Regina liked to swear. Perhaps it wasn’t a proper habit, by any definition of “proper”, but she was young and besides, she kept it PG around adults. But her blunt candor and shamelessness made her interesting.  For a time, she was popular. And she decided that she liked it. She drifted from her old friends and became a tentative member of the “popular” kids. Regina knew she didn’t belong there. She was a puzzle piece jammed into a spot she didn’t fit, but for a few months of just the sheer novelty of being liked, being normal, it was worth it.

Drew was as socially awkward as it got. He didn’t understand sarcasm, blushed at every sexual innuendo, never cursed, and was generally kind to people. He could be condescending from time to time, yes, but that was a result of his general insecurity about social situations. For a time, he was unpopular. He decided he hated it and did his best to become someone girls fell over themselves to fawn over and guys jockeyed to find a spot to talk to him. Slowly, he changed himself to meet his goal. He was an athlete, after all, and people liked athletes. That was something, right? He had that going for him.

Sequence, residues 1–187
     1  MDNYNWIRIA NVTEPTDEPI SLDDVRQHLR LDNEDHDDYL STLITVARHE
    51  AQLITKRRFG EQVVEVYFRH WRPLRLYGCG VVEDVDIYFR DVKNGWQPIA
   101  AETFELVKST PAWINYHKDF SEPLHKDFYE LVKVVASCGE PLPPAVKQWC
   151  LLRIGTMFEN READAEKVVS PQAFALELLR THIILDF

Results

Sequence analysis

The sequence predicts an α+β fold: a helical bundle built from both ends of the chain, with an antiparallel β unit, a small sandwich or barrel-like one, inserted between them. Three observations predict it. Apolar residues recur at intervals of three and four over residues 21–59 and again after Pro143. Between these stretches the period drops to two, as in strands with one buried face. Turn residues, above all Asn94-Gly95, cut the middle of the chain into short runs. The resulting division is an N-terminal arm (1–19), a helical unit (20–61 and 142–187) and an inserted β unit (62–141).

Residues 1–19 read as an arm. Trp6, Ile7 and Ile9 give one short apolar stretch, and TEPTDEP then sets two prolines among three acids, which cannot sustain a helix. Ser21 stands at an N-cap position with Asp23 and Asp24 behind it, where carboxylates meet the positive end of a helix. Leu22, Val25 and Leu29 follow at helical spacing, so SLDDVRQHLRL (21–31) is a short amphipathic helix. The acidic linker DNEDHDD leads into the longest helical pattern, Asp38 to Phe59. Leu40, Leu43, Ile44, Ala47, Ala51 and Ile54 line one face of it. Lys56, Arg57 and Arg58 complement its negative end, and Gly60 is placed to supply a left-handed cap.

Somehow, these two very different teenagers became friends. They bonded over homework, shared annoyances, and the fact that they were two people who didn’t quite fit the norm and were struggling to meet the standard. Regina and Drew were joined by another boy soon after.

Tristan was optimistic, funny, and has the most annoying crush on this one girl that Regina was friends with. His Napoleon complex pissed everyone off, but he was loyal as hell and didn’t let people mess with his friends.